General pathology, also called investigative pathology, experimental pathology, or theoretical pathology,[citation needed] is a broad and complex scientific field which seeks to understand the mechanisms of injury to cells and tissues, as well as the body's means of responding to and repairing injury. Areas of study include cellular adaptation to injury, necrosis, inflammation, wound healing, and neoplasia. It forms the foundation of pathology, the application of this knowledge to diagnose diseases in humans and animals.

The term general pathology is also used to describe the practice of both anatomical and clinical pathology.

Pathology as a medical specialty

This mastectomy specimen contains an infiltrating ductal carcinoma of the breast. A pathologist will use immunohistochemistry and fluorescent in-situ hybridization to detect markers which determine the optimal chemotherapy regimen for this patient.

Pathologists are doctors who diagnose and characterize disease in living patients by examining biopsies or bodily fluids. In addition, pathologists interpret medical laboratory tests to help prevent illness or monitor a chronic condition.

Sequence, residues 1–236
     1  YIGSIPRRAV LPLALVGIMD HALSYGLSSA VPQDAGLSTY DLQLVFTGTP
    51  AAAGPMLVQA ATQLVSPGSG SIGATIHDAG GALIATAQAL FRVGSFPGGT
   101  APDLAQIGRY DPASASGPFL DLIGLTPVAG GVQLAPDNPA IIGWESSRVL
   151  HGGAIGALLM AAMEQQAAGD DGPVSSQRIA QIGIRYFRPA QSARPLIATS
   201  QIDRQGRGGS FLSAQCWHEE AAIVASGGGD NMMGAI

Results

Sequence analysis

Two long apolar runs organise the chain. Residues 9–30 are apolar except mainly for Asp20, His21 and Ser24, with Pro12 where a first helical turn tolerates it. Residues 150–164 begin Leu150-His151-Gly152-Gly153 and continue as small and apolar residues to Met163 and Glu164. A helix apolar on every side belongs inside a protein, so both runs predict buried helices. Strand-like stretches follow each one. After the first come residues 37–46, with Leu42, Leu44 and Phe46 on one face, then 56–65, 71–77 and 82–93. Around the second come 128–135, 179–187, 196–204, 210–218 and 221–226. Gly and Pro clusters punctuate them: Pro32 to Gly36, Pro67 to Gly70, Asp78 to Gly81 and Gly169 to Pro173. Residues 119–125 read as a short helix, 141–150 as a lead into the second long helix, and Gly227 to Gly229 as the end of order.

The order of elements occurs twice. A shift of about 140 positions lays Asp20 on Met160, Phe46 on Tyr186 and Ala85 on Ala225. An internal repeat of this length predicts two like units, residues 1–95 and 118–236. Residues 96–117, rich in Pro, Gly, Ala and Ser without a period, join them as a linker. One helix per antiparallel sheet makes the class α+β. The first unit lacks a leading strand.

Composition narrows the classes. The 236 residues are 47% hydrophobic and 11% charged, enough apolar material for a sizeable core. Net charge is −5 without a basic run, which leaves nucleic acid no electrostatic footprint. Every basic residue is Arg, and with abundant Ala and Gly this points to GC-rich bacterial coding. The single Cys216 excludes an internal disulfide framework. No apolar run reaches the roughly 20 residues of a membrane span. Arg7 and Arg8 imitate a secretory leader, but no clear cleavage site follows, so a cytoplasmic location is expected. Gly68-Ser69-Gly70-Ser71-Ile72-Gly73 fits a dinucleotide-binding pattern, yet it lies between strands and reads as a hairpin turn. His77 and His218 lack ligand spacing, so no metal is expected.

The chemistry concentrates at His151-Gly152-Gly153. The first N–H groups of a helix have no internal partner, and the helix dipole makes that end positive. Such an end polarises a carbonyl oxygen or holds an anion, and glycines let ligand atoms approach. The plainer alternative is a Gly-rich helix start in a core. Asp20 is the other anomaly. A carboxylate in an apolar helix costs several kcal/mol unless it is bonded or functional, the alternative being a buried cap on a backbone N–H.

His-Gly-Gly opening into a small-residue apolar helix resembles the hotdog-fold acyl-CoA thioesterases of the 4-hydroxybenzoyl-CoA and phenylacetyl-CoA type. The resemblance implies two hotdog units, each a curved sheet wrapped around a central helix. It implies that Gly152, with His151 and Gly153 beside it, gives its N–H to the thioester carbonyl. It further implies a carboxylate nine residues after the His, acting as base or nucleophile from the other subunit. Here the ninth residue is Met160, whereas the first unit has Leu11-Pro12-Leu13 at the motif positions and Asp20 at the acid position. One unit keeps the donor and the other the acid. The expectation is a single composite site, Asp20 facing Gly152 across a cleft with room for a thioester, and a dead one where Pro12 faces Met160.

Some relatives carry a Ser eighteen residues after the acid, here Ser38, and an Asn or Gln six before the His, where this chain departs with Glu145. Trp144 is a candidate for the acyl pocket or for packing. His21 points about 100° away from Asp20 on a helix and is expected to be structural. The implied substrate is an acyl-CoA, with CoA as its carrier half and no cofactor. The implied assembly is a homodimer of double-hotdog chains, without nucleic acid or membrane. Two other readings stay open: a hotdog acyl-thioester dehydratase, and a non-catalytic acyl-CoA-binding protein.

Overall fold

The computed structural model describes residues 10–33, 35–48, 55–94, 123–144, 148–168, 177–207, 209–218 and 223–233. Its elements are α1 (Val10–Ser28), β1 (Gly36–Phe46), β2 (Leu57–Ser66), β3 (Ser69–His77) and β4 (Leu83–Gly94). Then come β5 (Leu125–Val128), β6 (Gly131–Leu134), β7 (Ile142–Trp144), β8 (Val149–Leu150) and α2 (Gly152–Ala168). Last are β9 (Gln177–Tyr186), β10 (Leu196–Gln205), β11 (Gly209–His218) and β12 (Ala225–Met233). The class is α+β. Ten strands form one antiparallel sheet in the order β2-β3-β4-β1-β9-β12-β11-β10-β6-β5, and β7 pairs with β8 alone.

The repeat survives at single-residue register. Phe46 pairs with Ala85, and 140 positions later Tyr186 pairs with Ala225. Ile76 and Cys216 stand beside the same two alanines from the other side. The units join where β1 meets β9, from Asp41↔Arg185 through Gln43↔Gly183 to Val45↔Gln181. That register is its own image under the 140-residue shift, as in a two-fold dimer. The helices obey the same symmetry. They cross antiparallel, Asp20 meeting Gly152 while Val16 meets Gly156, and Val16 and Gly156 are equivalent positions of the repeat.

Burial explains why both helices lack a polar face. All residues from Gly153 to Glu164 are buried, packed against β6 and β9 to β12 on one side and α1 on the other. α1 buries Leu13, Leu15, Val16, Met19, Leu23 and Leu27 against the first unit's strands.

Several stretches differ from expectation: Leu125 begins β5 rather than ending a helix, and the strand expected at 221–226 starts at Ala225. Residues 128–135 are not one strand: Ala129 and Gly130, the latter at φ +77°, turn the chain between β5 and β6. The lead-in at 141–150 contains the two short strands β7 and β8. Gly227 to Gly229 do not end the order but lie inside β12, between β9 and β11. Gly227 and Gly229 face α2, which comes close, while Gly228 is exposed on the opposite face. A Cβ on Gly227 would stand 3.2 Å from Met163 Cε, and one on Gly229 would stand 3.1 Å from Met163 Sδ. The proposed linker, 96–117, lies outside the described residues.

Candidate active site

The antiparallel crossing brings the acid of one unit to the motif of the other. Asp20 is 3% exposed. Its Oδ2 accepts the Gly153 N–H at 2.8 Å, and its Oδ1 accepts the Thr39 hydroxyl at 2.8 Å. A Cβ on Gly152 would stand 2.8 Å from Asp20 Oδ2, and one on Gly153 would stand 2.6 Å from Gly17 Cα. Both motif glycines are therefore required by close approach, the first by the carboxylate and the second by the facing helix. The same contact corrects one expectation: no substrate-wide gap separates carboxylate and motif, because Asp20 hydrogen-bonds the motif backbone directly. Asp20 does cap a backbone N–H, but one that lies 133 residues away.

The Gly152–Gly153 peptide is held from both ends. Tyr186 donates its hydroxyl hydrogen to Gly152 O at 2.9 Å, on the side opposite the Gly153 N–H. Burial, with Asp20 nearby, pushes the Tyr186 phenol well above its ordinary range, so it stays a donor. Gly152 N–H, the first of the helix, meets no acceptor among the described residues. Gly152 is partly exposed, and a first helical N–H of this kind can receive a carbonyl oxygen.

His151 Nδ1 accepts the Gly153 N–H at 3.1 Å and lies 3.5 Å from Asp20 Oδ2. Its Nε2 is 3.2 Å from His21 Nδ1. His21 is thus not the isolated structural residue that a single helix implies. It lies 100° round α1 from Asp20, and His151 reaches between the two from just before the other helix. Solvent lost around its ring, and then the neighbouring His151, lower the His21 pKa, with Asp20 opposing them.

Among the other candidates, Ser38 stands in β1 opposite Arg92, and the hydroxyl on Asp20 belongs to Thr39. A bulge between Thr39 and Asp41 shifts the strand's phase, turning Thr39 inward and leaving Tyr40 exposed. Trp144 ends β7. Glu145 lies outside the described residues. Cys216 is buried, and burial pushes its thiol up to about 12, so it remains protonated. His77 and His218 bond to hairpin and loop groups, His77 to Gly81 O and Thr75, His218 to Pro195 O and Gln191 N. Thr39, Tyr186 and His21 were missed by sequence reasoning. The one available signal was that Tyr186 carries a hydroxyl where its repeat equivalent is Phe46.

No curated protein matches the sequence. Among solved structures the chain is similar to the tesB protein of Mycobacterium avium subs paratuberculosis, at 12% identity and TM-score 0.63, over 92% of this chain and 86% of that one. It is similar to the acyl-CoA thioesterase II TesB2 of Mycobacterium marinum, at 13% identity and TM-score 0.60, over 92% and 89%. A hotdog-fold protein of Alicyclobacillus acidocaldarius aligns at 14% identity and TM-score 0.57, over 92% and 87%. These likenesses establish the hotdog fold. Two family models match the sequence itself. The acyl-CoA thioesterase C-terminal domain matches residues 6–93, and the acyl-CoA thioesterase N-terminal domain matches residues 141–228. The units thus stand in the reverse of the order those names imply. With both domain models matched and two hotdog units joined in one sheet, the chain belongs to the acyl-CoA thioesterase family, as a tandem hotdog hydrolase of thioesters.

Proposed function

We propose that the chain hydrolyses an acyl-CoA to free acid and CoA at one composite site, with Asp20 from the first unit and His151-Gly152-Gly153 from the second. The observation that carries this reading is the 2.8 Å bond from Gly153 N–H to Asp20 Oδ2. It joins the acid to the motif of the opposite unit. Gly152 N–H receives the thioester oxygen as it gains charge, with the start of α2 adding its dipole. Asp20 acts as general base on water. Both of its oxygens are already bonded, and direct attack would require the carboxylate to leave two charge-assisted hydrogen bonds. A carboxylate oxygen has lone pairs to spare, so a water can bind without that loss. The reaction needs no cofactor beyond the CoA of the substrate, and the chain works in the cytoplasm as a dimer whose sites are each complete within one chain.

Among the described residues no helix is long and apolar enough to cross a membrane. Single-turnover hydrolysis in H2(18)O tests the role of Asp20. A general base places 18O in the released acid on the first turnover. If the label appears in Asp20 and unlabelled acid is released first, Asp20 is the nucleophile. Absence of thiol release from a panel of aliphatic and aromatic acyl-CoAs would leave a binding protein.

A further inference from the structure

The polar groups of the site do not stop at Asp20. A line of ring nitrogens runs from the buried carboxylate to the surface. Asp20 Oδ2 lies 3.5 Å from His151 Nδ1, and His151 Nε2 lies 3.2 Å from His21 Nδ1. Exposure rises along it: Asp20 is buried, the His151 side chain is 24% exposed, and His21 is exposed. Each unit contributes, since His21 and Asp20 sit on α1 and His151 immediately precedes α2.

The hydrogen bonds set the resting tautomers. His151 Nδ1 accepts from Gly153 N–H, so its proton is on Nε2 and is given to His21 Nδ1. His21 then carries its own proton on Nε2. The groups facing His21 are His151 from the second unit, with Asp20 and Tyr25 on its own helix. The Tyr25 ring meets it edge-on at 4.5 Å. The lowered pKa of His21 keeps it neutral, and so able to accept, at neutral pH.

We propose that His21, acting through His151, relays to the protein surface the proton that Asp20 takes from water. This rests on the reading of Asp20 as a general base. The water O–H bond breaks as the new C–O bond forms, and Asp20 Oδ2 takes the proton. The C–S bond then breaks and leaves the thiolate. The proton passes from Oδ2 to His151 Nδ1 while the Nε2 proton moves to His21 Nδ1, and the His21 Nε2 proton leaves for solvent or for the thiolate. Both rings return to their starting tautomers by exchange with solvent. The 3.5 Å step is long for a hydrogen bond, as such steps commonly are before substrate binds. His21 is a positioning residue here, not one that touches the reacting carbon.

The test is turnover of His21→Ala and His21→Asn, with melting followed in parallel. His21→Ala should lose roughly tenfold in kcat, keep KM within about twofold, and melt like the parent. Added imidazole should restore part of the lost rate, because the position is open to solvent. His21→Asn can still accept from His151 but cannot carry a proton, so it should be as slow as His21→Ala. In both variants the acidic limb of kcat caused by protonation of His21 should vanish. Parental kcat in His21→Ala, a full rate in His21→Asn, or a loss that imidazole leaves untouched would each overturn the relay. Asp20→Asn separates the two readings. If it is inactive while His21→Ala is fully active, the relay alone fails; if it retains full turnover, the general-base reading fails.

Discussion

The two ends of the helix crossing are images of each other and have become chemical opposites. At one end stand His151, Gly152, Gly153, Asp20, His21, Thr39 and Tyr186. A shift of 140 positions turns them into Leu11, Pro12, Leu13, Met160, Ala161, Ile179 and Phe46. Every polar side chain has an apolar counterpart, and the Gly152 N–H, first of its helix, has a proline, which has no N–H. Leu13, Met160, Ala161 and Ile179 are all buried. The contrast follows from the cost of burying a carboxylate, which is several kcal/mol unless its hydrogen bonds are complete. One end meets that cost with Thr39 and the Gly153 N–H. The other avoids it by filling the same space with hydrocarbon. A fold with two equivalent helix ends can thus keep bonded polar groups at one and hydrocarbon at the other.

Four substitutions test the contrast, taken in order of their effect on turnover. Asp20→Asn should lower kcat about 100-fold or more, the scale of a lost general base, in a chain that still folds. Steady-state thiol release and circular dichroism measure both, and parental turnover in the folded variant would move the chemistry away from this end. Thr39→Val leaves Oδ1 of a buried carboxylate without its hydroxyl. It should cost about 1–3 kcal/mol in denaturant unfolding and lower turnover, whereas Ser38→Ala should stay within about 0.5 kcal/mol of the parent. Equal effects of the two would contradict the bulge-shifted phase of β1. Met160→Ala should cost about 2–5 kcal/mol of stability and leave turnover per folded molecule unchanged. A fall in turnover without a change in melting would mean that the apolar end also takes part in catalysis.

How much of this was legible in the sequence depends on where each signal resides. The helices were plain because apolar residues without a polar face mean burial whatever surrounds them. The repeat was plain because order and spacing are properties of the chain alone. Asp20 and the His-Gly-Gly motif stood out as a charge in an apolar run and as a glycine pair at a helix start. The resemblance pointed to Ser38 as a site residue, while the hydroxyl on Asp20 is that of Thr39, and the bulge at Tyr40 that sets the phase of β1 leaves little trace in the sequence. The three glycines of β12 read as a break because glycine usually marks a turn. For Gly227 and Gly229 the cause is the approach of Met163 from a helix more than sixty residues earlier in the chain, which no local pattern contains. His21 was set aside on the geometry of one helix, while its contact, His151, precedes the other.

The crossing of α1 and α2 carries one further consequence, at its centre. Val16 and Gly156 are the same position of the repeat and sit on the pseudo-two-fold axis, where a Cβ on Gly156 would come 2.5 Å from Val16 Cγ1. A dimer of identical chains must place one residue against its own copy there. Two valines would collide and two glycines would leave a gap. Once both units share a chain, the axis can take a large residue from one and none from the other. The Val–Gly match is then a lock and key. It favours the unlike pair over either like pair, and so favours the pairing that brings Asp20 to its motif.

The vast majority of cancer diagnoses are made by pathologists. Pathologists examine tissue biopsies to determine if they are benign or cancerous. Some pathologists specialize in genetic testing that can, for example, determine the most appropriate treatment for particular types of cancer. In addition, a pathologist analyzes blood samples from a patient's annual physical and alerts their primary care physician to any changes in their health early, when successful treatment is most likely. Pathologists also review results of tests ordered or performed by specialists, such as blood tests ordered by a cardiologist, a biopsy of a skin lesion removed by a dermatologist, or a Pap test performed by a gynecologist, to detect abnormalities.

Pathologists work with other doctors, medical specialty societies, medical laboratory professionals, and health care consumer organizations to set guidelines and standards for medical laboratory testing that help improve a patient's medical care and guide treatment, as well as ensure the quality and safety of domestic and international medical laboratories.